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What would we do without the Wu-tang Clan? Not only are their individual albums superb, (Ghostface Killah
, Method Man
, Ol' Dirty Bastard
, et al), but Iron Flag
shows Rza's sonic adventures behind that production desk get ever more sublime, sci-fi and sexy. Obviously touched by his Ghost Dog: War of the Samurai
off-key zen noir experience, Rza kicks off with a great celluloid touch, then gets so jiggy on your arse that even those "righteous" backpacking notebook geeks will have serious ants in their pants. Rza's has marichari horns, dancehall rhythms, squelchy, fat funk and serious "I Testify (to the spliff)" gospel divas as well as 60s soul singers, Ann Peebles and Ron Isley on Wu's fantastic fourth album. Not only is this a straight-up party rap with thought-provoking, entertaining lines, it's a jive-ass hip-hop roadshow of an LP. Killah, Method Man, Raekwon, Gza and the rest of the crew are on phenomenal form. Prolific they may be, but there is no holding back on the quality, subject matter and delivery of these rhymes. It don't matter whether they are representing their name/hood with a very fine Flavor Flav on "Soul Power (Black Jungle)" or licking the competition on the electro funk of "Uzi" (Pinky Flag"): Iron Flag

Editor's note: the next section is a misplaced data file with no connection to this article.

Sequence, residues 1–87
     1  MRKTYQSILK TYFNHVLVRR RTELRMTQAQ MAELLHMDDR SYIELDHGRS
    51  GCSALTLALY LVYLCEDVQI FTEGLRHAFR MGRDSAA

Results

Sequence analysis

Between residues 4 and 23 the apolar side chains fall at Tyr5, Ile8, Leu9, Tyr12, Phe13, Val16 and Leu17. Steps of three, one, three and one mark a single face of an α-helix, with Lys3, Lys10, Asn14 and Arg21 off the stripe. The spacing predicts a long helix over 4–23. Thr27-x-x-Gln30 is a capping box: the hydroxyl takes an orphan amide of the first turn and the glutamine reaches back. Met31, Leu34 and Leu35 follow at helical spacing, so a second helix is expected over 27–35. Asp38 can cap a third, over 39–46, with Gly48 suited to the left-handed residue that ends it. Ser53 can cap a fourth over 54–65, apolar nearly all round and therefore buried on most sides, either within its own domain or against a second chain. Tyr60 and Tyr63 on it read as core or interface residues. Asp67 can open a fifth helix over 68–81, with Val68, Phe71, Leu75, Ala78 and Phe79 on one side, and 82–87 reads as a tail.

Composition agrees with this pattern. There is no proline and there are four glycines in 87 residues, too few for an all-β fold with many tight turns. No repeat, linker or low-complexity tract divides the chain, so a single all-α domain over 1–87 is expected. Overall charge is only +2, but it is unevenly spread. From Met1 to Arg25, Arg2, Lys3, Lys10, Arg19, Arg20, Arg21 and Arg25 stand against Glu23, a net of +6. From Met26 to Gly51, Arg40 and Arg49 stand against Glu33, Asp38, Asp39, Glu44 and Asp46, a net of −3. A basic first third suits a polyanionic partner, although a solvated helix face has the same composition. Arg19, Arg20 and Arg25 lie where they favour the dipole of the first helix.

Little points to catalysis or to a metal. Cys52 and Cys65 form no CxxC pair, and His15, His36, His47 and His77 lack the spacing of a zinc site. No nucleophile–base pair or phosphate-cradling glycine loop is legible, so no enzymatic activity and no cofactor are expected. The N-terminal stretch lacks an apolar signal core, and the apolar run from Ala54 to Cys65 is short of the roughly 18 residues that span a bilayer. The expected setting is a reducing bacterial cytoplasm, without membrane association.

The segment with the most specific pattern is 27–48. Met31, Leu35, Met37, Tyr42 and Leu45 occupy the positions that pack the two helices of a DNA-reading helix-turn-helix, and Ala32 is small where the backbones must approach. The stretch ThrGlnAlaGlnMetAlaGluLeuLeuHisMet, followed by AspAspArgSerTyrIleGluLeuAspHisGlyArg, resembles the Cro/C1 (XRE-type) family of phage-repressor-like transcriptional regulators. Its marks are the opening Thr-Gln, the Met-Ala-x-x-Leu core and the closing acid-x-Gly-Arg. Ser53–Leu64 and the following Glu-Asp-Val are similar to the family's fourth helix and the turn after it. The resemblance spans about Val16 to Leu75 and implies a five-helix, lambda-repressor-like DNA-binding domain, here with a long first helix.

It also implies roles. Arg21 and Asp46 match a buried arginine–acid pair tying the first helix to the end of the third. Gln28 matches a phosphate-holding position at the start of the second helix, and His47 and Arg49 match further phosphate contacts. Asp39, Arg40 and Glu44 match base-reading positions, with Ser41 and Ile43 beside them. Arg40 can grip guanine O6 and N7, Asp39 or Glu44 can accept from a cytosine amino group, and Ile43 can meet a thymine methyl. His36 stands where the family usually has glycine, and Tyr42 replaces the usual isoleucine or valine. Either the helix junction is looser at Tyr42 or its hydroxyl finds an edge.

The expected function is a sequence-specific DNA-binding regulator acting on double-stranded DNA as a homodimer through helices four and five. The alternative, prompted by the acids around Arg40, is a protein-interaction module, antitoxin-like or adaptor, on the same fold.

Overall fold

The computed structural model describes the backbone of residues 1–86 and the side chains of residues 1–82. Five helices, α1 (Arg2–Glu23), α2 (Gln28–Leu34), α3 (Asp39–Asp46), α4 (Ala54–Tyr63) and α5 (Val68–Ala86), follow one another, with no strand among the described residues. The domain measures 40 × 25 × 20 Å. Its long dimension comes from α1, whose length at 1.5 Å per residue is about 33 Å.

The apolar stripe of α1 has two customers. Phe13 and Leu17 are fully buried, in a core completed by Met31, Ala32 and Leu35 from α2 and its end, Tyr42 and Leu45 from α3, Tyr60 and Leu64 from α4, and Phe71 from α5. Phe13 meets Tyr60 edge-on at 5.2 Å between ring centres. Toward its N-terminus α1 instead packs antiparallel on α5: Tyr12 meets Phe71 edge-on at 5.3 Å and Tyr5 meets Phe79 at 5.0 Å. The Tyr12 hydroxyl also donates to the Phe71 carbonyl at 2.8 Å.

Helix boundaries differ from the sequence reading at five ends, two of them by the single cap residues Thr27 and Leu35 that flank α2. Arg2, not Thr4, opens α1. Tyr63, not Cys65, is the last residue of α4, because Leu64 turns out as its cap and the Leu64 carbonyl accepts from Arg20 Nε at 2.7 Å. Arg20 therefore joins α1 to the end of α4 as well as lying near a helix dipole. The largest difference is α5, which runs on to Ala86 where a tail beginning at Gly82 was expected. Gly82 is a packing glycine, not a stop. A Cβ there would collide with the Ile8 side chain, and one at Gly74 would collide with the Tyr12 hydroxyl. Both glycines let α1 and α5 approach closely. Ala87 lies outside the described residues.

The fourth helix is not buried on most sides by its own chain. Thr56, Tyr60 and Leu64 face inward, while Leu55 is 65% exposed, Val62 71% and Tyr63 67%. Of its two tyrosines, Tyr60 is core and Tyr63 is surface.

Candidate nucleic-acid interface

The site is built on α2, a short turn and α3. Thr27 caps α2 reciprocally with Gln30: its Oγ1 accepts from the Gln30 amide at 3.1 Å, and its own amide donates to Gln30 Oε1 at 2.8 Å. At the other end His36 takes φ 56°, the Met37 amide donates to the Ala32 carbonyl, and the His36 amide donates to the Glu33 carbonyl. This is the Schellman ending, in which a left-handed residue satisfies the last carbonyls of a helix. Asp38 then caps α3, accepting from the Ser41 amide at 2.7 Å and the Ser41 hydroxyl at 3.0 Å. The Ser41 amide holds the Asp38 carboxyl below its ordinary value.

shows the doubting Thomases out there why there has never been a better rap posse than the Wu-- Flav's alma mater included. --Reuben Dessay